Blog Archives

Rethinking How Students Learn: Teach Less, Learn More

I know, this blog is turning into the “Rethinking How Students Learn” blog lately. My apologies, but I like reflecting on what I’m reading and I hope you’re enjoying reading the posts. By all means, don’t be passive; chime in with some comments if you please.

The country of Singapore has undertaken a massive initiative, with four key “visions,” that will help them take education to the next level – “21st century learning.” They are:

  1. Thinking Schools, Learning Nation.
  2. Teach Less, Learn More.
  3. Tight, Loose, Tight.
  4. Professional Learning Communities (as discussed in my last post)

“Thinking Schools, Learning Nation” is about fostering in students a core set of life skills (thinking, creating, problem solving, collaboration, wonderment, tolerance for ambiguity, and persistence). “Wonderment” and “tolerance for ambiguity” are two characteristics not often included in 21st century skills, but I find them intriguing – and may just have to revisit them in a future post!

The “Teach Less, Learn More” is closely related to the first vision and promotes “teaching in ways that help students learn without being taught.” It seems paradoxical at first glance; how will my students learn if I don’t teach them? The truth is, when we provide students an essential question and allow them to explore the potential answers, we are building in them skills that will make them lifelong learners. As stated in the book:

The change process is about evolutionary thinking, not revolutionary thinking, and it all begins with critical collaborative conversations. While their system has traditionally compartmentalized the curriculum by disciplines that honor quantity…they find that this structure can be deliberately shifted to…honor the quality of student outcomes.

“Tight Loose Tight,” is also very intriguing approach. According to the authors of this chapter, Robin Fogarty and Brian M. Pete:

The T-L-T formula combines an adherence to central design principles (tight) with expected accommodations to the needs, resources, constraints, and particularities that occur in any school or district (loose), when these don’t conflict with the theoretical framework (tight) and, ultimately, with the stated goals and desired results.

The best part of the T-L-T philosophy is the message that schools CAN evolve without sacrificing the educational philosophy and characteristics that have defined them in years past. As a school, we can still promote rigorous learning, quality leadership skills, and compassionate service to others. We just have to figure out how to do it in a 21st century context – for our students’ sakes.

That’s where the PLC (the fourth Singaporean vision) comes into play. If we (the teachers) work together as a team, through various scopes and methods, we can achieve success for our students, our school community, state, nation, and the world.

With our help, Heritage Hall students will continue to learn, to lead, and to serve…the world…in the 21st Century and beyond.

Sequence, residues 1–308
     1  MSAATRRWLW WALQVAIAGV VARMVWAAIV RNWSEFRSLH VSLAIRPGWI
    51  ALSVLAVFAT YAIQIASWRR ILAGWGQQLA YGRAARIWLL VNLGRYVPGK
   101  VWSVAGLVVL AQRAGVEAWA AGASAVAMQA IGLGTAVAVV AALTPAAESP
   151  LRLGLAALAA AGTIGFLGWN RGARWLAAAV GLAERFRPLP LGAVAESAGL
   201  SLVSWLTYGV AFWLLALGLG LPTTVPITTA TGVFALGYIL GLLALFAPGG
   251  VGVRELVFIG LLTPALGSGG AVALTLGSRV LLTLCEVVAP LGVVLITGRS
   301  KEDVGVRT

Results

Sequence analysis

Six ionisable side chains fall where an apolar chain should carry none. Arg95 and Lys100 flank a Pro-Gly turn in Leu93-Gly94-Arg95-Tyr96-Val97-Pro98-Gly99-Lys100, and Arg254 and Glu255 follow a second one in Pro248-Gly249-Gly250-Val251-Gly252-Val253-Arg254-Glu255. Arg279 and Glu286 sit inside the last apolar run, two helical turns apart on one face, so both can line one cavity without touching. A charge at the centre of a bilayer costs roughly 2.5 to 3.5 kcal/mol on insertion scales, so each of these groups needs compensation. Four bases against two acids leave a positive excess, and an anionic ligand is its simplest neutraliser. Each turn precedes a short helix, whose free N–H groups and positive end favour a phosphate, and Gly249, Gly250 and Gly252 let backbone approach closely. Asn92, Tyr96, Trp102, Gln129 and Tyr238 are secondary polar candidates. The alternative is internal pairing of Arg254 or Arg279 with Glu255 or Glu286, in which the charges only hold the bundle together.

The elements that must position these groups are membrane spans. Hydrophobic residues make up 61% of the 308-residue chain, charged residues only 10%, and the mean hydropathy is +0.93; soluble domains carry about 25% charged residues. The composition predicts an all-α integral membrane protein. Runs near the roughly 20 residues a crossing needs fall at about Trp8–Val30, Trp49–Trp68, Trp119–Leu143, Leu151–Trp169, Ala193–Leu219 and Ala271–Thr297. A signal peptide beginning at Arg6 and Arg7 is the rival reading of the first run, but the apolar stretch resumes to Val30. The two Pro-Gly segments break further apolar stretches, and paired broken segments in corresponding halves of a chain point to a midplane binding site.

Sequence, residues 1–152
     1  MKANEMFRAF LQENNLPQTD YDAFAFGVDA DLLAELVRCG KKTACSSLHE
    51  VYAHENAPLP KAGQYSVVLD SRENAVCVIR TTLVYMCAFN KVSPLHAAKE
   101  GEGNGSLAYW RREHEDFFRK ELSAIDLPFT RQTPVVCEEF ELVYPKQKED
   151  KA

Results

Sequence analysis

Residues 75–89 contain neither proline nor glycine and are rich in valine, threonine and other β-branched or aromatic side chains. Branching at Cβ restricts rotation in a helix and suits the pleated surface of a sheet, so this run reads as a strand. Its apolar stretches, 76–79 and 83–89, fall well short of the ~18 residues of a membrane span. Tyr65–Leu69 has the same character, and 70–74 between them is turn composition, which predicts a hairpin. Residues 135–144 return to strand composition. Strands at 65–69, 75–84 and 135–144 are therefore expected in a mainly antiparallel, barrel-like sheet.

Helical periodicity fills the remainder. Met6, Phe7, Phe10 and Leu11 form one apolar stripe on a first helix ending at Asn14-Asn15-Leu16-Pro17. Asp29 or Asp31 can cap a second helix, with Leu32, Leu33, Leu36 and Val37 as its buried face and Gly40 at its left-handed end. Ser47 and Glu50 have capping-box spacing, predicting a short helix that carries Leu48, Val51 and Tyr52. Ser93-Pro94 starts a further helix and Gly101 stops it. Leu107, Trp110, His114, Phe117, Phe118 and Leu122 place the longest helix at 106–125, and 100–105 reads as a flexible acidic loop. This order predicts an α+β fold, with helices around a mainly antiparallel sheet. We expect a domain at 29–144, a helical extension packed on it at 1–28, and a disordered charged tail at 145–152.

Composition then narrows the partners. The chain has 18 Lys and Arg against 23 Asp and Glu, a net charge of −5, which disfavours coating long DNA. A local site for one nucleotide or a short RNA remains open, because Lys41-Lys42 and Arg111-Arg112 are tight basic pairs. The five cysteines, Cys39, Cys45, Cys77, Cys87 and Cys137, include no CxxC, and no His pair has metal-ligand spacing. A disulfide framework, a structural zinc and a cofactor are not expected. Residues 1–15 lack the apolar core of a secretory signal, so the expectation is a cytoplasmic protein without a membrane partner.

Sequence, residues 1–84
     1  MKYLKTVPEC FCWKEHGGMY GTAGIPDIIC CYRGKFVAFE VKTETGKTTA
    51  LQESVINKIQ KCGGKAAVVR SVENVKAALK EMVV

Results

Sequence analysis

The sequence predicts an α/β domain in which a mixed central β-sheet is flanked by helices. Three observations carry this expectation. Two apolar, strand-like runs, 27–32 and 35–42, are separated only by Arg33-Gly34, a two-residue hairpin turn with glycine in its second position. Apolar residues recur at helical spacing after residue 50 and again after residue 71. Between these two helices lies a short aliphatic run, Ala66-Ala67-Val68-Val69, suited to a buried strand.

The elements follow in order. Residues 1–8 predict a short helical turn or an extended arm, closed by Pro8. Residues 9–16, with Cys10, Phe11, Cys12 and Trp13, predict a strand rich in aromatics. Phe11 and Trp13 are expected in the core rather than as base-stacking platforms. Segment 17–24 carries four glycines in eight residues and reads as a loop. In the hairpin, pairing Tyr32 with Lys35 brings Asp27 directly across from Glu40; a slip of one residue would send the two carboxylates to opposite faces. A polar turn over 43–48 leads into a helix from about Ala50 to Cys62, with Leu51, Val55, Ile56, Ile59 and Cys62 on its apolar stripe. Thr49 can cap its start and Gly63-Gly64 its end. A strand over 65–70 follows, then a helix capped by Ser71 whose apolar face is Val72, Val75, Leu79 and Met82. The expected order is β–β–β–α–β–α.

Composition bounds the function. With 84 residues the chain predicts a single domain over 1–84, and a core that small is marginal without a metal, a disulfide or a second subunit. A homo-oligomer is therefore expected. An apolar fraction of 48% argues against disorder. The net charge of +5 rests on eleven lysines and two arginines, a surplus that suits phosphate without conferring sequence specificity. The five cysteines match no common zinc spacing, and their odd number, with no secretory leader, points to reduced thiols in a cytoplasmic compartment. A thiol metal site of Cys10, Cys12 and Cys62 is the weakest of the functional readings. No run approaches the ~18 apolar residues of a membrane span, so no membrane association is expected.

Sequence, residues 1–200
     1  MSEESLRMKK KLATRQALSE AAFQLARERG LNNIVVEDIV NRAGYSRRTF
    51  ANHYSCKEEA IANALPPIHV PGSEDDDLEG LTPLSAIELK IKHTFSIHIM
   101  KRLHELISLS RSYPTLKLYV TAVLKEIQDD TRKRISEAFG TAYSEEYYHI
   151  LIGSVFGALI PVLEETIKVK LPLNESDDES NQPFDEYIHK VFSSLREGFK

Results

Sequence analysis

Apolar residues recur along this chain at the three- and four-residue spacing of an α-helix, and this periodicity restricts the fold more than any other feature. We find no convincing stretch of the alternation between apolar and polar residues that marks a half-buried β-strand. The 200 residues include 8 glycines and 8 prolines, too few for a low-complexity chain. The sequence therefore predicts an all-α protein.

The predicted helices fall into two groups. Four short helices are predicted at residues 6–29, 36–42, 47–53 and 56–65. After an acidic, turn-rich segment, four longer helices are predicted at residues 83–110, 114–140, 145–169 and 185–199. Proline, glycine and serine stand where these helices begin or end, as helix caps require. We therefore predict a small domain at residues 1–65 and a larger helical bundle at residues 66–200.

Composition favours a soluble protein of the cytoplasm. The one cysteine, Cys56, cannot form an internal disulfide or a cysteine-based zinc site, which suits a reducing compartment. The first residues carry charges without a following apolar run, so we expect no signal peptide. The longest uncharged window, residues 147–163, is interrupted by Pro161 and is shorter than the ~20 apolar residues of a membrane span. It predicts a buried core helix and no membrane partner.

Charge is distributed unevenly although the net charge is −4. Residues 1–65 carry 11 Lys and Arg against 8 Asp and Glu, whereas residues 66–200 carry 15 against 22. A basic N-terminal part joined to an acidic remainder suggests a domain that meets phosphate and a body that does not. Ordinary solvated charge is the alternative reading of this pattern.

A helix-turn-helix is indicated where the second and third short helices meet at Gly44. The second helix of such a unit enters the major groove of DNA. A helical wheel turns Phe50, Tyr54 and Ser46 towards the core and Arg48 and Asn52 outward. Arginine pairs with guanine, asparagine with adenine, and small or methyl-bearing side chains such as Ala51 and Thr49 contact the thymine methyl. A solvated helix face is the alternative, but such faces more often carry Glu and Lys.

Advertisements

Digital Citizenship Fluency

All the 21st Century fluencies are learned within the context of the Digital Citizen, using the guiding principles of leadership, ethics, accountability, fiscal responsibility, environmental awareness, global citizenship and personal responsibility (http://www.fluency21.com/fluencies.cfm).

The first week of school I used a paper magazine produced by the FTC to discuss with the students how to “Live Life Online.” This was a great resource because it includes several articles and short quizzes for the kids on crucial issues that they face almost on a daily basis such as sexting, cyberbullying, online etiquette, and how to analyze advertisements from companies. It also provided several real life dilemmas to the students that I used as bell ringers and also some as closing activities for the end of the hour.

This was truly beneficial because I found out that most of the students were not aware of the legal consequences that accompanied actions of sexting or simply forwarding a message they received by email or text. They were also not aware that typing things in all caps on text, email, or social networking sites is considered to be “online yelling” and they need to make sure they monitor their tone of voice.

These lessons helped me lead into the use of our class edmodo.com page because I first had the students and parents sign a responsible use policy before they were aloud to create a profile on the website.

I approach the global aspect of this fluency by using the CNN Student News in my class at least once a week. This news cast is written on a middle school level but allows the students to have insight on the issues of our country as well as issues that are affecting other nations of the world.

This fluency is critical to Heritage Hall due to the 1:1 movement beginning to take place. Our students will be “connected” on a daily basis while at school and must have the knowledge and skills to effectively navigate and contribute to the online world.

Going beyond the use of technology Heritage Hall is already approaching some aspects of this fluency by adopting a new set of core values; courage, responsibility, kindness, and intellectual purpose.

Resources used: